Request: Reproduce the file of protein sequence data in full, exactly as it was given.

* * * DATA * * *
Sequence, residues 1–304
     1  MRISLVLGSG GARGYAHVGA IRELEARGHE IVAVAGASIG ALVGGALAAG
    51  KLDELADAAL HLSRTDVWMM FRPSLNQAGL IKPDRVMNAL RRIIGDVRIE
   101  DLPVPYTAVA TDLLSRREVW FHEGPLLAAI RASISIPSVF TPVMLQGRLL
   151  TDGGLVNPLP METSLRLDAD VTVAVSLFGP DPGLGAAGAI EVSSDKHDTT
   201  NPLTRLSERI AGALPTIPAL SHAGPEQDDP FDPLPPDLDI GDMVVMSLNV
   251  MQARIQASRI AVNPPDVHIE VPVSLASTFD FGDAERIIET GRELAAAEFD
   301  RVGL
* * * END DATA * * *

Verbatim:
Sequence, residues 1–304
     1  MRISLVLGSG GARGYAHVGA IRELEARGHE IVAVAGASIG ALVGGALAAG
    51  KLDELADAAL HLSRTDVWMM FRPSLNQAGL IKPDRVMNAL RRIIGDVRIE
   101  DLPVPYTAVA TDLLSRREVW FHEGPLLAAI RASISIPSVF TPVMLQGRLL
   151  TDGGLVNPLP METSLRLDAD VTVAVSLFGP DPGLGAAGAI EVSSDKHDTT
   201  NPLTRLSERI AGALPTIPAL SHAGPEQDDP FDPLPPDLDI GDMVVMSLNV
   251  MQARIQASRI AVNPPDVHIE VPVSLASTFD FGDAERIIET GRELAAAEFD
   301  RVGL